And I say that to make this point: The Keane family -- the Manis, the Brown, the Vasquez families who are behind me today -- they represent what we all know is basic and fundamental about our families and our country -- more important than anything else we can think of. And they open their homes and their hearts to children, and they open our hearts to them -- and to each other as we work for more stories like those we celebrate today.
I'd also like to say a special hello to the Badeau family. Some of you may remember this. Two years ago, almost, Sue and Hector Badeau joined us at the White House when I signed the Adoption and Safe Families Act. They brought 18 of the 22 children they have adopted. Now, you need to know that, as if they didn't have enough to deal with, this summer they also welcomed into their home a family of eight Kosovar refugees. So if you ever need proof that there's no limit to human goodness, you can look at Sue and Hector Badeau.
I'd like for them to stand. Where are they? There you go. They've got some of their kids here. Stand up. (Applause.) Thank you. God bless you. Thank you. (Applause.)
I would also like to say just a very brief word to Hillary. You heard her tell the story of her involvement in this, but when we were in law school together, before we were married, she was talking to me about how messed up the foster care and adoption laws were in the country, how many ridiculous barriers there were. And not long after we moved to Little Rock and I became Attorney General of our state, she took a case for a young couple who had had a child from foster care for three years that they desperately wanted to adopt -- this is over 20 years ago. And together they changed the law in our state so that foster parents could be considered for adoption, something that used to be verbotten in most states in the country.
So I've watched her work on these issues now for almost 30 years, and I am very grateful that one of the many blessings of our time in the White House has been the chance to make a difference on these adoption and foster care issues, and I thank her for making it possible. (Applause.)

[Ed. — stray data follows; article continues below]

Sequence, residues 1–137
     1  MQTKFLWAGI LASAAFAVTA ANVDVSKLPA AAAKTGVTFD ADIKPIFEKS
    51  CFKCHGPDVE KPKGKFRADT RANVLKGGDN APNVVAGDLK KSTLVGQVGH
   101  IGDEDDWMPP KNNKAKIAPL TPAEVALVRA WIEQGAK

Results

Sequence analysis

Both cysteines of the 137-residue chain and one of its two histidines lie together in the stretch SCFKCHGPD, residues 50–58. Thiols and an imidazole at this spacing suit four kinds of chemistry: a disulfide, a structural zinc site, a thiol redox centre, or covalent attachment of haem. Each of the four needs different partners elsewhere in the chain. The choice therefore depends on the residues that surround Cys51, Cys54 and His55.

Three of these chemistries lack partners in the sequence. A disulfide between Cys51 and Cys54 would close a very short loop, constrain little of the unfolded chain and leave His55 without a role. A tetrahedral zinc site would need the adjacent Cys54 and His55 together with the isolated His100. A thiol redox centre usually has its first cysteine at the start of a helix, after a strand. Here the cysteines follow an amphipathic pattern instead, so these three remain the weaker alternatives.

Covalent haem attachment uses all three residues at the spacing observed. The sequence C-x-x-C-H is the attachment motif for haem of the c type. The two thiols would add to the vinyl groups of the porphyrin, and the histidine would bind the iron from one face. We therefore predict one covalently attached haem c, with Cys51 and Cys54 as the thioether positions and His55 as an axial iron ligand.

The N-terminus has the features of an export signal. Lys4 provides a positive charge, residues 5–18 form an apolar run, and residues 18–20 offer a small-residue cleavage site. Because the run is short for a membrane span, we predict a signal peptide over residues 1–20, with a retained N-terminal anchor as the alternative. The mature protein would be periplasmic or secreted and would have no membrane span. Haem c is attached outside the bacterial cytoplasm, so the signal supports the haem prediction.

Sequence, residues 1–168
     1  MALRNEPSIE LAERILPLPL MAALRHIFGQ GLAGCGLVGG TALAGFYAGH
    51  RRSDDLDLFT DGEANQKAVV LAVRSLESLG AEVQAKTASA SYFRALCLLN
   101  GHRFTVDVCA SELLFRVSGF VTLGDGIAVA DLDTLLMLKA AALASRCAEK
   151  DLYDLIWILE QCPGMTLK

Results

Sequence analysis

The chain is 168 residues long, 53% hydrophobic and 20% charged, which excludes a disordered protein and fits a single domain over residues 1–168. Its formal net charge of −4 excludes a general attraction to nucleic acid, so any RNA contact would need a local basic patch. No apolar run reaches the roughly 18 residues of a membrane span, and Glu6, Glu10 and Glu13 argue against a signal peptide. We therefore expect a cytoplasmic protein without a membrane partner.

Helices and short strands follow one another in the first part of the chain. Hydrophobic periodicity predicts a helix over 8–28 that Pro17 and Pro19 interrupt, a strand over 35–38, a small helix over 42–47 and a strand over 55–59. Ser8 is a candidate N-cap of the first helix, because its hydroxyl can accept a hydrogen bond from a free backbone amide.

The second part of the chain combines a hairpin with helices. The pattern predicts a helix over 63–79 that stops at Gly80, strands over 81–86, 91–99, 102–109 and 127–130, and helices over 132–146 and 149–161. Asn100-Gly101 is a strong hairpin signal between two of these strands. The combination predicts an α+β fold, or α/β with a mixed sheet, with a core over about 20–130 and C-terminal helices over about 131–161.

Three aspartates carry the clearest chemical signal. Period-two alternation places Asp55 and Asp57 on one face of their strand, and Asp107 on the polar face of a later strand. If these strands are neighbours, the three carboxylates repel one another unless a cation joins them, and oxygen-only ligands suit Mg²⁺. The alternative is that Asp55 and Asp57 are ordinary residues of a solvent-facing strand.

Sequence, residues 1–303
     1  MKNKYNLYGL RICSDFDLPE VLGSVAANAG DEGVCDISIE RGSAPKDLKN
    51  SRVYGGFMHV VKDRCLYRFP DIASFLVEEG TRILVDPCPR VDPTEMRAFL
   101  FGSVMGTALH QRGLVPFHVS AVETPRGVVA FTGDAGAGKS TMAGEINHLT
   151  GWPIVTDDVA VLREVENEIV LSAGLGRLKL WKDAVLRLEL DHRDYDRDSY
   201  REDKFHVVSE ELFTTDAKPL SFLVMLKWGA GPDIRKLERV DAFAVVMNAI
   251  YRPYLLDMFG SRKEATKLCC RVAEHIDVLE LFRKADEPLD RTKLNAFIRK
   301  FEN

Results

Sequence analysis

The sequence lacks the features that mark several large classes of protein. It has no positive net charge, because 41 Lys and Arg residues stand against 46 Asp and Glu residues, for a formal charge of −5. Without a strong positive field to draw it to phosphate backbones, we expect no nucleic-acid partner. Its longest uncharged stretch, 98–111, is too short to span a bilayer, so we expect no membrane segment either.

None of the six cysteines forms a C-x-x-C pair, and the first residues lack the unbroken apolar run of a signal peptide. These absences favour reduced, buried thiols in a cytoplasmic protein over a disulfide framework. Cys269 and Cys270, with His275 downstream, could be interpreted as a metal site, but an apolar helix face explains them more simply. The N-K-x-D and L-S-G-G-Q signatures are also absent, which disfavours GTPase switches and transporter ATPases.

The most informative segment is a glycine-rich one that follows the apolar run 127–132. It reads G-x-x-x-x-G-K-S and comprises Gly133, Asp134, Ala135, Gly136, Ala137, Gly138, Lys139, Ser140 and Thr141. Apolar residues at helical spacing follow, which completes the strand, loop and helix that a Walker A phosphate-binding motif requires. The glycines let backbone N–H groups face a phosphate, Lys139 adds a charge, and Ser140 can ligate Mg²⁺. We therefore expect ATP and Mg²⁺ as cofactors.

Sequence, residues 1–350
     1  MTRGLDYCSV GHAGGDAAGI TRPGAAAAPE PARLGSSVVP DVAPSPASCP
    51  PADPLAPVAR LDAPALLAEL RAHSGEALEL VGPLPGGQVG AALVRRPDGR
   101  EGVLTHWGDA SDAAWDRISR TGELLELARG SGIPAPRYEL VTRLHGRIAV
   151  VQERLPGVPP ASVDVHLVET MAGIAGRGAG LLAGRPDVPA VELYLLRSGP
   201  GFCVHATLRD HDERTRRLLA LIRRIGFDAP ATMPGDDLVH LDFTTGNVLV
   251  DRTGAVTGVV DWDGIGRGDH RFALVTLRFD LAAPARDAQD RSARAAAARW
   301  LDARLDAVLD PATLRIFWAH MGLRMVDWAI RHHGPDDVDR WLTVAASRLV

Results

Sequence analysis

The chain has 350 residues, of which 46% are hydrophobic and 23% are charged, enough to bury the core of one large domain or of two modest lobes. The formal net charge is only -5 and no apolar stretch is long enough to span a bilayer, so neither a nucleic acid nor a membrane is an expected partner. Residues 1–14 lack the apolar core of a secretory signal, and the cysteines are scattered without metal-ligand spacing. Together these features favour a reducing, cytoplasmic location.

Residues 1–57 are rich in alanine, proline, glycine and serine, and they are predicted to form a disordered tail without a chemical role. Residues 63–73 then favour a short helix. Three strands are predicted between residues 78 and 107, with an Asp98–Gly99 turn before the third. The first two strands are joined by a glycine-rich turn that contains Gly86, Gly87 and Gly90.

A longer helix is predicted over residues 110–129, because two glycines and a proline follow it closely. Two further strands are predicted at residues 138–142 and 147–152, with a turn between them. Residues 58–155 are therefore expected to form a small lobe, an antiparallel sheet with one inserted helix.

Finally, let me say, again, I want to say a special word of thanks to the members of Congress in both parties who have come to this event today. We have had a raging, often stimulating, occasionally maddening, debate on what should be the role of government over the last five years in this town. But we have all agreed that government has a role to try to protect children, but to facilitate the most rapid, reasonable, orderly process for both foster care and for transition to adoption.
Hillary said that the House had adopted this provision to let kids coming out of foster care keep their Medicaid until they're 21. I'll just give you one more example of how these issues unify us. Within a 36-hour period, about six months ago, my cousin, who runs the public housing unit in the little town where I was born in Arkansas -- which has 8,000 or 10,000 people -- came up to a HUD conference. And she spent the night with me and were having breakfast, drinking coffee, and she says, you know, you've got to do something about these foster kids. They keep going out of the -- they come out of the foster homes and they've got no money and they need to do some things. And then the next day, literally within 36 hours, I'm talking to these people from New York City who tell me it's maybe the biggest social problem they have now, with all these kids coming out of foster care.
So this is an issue that spans the experience of America, the whole sweep of it. And I'm very grateful -- I'm grateful that we have this consensus and I'm grateful that they've acted on it. I urge the Senate to follow suit.
Now, you've already heard about the things that we're doing to try to double the number of children we help move into permanent homes. We have new evidence that these efforts are bearing fruit. The Department of Health and Human Services has just given me a report that tracks our progress in meeting our adoption goals. It shows that the number of adoptions from the foster care system increased from 28,000 in 1996, to 36,000 in 1998. That is the first significant increase in adoptions since the National Foster Care Program was created almost 20 years ago.